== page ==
Let’s help new mom physicians (and their patients) to breastfeed
Reading time: 5:30 mins
Physicians know the importance of breastfeeding. But what happens to new-mom physicians? How easy is it for them to take their own advice?
The Canadian Infant Feeding Joint Working Group, comprised of Health Canada, Canadian Paediatric Society, Dietitians of Canada and the Breastfeeding Committee for Canada have issued two statements on breastfeeding – birth to 6 months, and 6 – 24 months. The recommendations are to breastfeed exclusively for the first 6 months; post 6 months, continue for as long as possible, up to 2 years or longer. Other foods, particularly iron-rich foods, as well as vitamin D supplements can be introduced after 6 months and in line with baby’s indications of readiness.
In Canada, breastfeeding among new moms is trending upward, with 89% of mothers reporting breastfeeding in 2011-12. Significantly, the number of women breastfeeding to 6 months rose from 17% in 2003 to 26% in 2011-12. The most common reasons for the average Canadian women to stop breastfeeding are lack of milk and difficulty with technique. For women physicians however, the most cited reason is more complicated: the demands of the job.
According to Statistics Canada, 64% of mothers with children under 3 are in the workforce. Research has demonstrated that longer maternity leave leads to greater take up of breastfeeding. Parental leave legislation has improved over the last several years, with the government guaranteeing 18 months workplace leave – 12 years paid through Employment Insurance (EI), 6 months unpaid. Government maternity leave benefits do not apply to self-employed women, such as doctors, lawyers, etc. Private insurance can be purchased, or the mother can save from her income to cover her maternity leave.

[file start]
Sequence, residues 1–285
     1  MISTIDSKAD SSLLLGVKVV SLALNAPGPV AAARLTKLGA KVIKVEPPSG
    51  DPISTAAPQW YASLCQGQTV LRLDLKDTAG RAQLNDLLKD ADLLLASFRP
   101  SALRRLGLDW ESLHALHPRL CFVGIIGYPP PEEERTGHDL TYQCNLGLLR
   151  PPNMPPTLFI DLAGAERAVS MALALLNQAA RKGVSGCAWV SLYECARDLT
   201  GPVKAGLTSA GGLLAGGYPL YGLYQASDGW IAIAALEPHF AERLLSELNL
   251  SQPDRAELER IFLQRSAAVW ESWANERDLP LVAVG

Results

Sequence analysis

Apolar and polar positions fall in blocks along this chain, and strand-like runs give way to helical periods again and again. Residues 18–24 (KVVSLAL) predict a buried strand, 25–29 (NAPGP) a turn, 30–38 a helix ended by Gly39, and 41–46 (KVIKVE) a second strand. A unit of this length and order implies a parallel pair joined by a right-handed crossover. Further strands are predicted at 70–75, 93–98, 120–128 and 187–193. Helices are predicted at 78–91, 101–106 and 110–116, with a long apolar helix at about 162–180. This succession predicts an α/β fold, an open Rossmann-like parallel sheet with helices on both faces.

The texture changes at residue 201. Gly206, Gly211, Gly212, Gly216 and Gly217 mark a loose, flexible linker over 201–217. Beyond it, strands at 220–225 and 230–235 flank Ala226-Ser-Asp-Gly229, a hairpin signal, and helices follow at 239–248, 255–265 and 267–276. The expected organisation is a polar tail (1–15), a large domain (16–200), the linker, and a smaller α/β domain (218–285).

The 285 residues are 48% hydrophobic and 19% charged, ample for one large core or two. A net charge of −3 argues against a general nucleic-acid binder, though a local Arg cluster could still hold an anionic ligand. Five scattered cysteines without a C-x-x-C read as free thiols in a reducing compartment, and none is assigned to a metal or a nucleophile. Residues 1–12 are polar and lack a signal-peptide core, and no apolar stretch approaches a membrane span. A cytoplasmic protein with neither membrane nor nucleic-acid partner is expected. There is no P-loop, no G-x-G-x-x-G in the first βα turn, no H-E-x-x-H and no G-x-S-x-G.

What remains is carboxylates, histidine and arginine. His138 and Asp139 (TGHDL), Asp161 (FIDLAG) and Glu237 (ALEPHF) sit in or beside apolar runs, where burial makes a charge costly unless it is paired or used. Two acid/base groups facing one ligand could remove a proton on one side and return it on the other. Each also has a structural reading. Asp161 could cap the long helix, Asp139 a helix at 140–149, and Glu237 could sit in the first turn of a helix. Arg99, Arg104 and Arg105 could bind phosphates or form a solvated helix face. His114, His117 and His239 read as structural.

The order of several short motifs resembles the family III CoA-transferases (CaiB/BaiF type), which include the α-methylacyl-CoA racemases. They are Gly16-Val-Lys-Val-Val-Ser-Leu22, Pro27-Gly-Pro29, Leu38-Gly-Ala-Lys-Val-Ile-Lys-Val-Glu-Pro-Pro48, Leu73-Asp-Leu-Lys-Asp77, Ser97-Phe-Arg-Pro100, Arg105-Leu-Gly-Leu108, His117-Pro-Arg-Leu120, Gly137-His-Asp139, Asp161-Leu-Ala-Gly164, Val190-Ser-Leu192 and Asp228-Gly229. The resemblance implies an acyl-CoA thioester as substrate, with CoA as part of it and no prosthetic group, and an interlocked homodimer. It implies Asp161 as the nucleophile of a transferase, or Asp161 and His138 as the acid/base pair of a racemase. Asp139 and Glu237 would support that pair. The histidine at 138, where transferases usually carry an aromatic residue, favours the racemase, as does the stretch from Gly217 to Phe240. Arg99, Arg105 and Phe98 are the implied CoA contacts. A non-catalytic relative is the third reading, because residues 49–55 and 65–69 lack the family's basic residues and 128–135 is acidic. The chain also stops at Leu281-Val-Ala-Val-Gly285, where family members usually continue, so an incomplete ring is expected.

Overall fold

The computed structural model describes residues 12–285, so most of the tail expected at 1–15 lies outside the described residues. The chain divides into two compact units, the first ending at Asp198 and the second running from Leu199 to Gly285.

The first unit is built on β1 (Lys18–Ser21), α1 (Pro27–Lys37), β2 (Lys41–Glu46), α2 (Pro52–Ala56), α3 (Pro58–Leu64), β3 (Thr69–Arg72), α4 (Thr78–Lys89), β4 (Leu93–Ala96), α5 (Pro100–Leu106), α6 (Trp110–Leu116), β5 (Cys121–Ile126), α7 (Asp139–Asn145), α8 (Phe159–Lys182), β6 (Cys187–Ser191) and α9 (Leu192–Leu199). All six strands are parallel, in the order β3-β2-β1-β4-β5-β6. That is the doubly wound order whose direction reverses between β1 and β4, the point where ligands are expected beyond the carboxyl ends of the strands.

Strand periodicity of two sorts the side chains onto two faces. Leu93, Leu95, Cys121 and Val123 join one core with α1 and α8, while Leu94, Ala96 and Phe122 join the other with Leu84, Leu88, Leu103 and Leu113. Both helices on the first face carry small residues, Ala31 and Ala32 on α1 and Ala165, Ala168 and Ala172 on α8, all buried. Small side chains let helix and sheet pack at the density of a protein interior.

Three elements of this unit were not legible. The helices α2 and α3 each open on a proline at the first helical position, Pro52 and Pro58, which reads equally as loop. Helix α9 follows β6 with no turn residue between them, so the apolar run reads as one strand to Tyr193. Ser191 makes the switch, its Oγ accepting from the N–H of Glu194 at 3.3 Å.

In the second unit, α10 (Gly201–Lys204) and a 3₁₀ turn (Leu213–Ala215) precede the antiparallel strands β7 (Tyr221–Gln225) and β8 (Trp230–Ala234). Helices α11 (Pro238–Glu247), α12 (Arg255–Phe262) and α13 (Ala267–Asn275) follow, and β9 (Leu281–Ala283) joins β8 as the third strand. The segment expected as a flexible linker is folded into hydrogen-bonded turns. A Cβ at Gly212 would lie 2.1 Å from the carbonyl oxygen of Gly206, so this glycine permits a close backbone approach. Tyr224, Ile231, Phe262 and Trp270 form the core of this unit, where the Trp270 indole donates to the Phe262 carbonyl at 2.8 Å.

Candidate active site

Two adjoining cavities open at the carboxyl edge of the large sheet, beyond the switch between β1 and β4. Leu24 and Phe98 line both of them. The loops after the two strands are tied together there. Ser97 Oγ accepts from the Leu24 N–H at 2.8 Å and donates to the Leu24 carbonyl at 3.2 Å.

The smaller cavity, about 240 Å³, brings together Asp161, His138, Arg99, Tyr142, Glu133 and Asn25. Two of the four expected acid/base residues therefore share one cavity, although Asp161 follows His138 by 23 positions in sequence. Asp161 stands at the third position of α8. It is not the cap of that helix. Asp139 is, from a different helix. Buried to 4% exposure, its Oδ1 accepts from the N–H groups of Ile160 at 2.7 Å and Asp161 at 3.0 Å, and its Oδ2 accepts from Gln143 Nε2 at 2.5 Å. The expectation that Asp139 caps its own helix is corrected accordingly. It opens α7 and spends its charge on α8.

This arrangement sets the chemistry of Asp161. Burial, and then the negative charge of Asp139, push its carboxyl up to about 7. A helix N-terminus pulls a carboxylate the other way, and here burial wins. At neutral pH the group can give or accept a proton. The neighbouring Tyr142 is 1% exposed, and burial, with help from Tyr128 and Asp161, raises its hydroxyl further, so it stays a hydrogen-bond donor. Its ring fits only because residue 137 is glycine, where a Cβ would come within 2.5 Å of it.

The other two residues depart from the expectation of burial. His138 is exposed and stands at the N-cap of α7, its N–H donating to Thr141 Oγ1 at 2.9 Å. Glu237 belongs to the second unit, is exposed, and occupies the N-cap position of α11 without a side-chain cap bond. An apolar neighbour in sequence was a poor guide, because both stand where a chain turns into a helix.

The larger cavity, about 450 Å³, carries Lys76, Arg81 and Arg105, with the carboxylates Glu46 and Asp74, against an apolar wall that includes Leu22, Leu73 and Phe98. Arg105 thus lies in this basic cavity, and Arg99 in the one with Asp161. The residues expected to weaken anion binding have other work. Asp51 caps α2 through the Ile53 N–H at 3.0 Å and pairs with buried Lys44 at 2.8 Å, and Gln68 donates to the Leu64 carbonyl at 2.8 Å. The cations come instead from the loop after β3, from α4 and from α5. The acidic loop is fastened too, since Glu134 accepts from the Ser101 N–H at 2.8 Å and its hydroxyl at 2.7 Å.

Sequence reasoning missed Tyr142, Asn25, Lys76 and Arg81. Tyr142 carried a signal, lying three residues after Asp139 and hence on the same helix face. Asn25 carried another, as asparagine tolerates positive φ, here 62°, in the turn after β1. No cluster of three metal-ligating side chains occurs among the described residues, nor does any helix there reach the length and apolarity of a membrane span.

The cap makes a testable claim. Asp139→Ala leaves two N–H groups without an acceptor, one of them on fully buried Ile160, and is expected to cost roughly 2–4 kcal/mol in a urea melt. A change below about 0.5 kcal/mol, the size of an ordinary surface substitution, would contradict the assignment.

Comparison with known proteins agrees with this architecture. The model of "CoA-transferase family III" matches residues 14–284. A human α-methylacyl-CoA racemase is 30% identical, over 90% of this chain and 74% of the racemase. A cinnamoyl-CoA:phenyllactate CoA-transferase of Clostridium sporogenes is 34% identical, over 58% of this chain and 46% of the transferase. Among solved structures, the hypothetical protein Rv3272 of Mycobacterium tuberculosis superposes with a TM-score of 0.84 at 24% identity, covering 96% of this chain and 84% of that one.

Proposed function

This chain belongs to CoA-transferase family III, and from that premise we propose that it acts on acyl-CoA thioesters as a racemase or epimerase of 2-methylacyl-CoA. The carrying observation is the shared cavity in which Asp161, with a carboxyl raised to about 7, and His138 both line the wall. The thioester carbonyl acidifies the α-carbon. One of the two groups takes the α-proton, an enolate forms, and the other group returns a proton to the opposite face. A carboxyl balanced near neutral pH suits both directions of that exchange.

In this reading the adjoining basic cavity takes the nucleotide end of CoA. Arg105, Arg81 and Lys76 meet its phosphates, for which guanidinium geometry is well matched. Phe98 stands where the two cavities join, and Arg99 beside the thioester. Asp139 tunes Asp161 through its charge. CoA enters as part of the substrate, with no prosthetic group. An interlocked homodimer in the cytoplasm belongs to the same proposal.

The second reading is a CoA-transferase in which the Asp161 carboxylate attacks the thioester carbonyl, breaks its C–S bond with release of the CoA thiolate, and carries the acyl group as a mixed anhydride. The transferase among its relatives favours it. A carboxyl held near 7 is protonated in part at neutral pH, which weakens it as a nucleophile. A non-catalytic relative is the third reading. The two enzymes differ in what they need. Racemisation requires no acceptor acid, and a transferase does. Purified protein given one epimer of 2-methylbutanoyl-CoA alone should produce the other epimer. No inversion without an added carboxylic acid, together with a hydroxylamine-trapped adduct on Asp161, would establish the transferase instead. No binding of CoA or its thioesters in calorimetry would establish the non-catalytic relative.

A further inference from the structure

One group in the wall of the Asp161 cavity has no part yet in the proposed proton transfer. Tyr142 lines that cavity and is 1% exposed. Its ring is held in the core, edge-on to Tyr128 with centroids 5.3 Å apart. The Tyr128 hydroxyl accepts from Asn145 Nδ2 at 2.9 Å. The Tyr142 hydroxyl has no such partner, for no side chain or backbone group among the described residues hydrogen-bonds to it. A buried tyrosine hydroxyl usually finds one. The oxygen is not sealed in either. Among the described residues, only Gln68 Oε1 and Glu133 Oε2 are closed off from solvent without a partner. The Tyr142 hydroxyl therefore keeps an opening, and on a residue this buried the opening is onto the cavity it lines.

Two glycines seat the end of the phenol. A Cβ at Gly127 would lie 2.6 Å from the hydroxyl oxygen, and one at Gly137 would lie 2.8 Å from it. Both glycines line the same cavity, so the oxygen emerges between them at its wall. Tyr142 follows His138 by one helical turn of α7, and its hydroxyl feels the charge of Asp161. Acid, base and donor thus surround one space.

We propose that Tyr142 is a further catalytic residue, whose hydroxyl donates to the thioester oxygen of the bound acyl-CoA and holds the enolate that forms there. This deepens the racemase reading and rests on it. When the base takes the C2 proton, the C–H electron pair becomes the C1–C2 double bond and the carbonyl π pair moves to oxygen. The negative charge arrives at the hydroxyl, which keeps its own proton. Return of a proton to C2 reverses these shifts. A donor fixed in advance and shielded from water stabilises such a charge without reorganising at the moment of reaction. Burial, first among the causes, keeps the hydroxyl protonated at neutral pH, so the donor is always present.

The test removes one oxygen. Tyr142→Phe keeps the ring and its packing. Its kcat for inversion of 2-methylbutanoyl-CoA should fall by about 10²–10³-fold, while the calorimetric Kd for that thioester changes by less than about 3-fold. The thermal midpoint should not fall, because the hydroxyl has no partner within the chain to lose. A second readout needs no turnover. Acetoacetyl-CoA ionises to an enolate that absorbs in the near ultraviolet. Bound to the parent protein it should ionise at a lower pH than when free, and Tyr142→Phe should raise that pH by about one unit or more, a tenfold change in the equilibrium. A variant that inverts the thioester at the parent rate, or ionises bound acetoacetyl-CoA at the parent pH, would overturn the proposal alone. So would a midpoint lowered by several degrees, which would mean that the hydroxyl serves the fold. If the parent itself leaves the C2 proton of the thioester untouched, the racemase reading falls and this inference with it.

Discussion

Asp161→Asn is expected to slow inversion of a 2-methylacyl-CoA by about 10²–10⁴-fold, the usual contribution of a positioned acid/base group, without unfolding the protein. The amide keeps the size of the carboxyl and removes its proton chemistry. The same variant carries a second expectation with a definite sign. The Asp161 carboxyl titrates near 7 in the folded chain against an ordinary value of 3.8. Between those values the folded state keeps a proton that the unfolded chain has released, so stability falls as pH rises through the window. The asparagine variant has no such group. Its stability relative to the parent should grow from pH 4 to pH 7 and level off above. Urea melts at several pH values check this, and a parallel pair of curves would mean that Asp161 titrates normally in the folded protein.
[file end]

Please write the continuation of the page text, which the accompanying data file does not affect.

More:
But insufficient maternity leave is not all there is to the problem.
There’s something seriously wrong with the physician work culture when nursing physician moms are stymied from following their own good advice due to the systems in which they work. The impact goes further than the mother/child connection; it touches on patient-care, for nursing physicians are more likely to promote and support breastfeeding for new mothers. It stands to reason that assisting physician moms to initiate and continue breastfeeding for themselves could lead to more Canadian mothers initiating and continuing to breastfeed their own children for as long as they consider appropriate.
While breastfeeding initiation is high among new mom physicians, premature breastfeeding cessation is a real risk. A 2013 study by Sattari et al, found that while 97% of new mom physicians initiated breastfeeding and 57% planned to be breastfeeding at 12 months, only 34% of children were receiving breast milk at 12 months. Work demands were cited as the main reason for stopping. Women physicians who advocated for breastfeeding among their patients and staff were more likely to experience longer duration of breastfeeding. A 2018 research letter published in the Journal of the American Medical Association echoed these findings. The authors note that longer maternity leave, flexibility for pumping, and access to a private space can improve breastfeeding rates.
Maternity leave is crucial to providing new moms with the time they need to establish a breastfeeding routine and ensure an adequate milk supply, which can take between 1-3 months. During this period, there should be minimal separation of the mother and child. Breastfeeding can be challenging; the technique of “latching on” can be difficult for some moms, sore and cracked nipples is a common complaint. The inability to establish a regular feeding schedule with baby may result in engorgement, mastitis, plugged ducts or abscesses. Emptying the breasts is essential to maintaining an adequate supply of milk.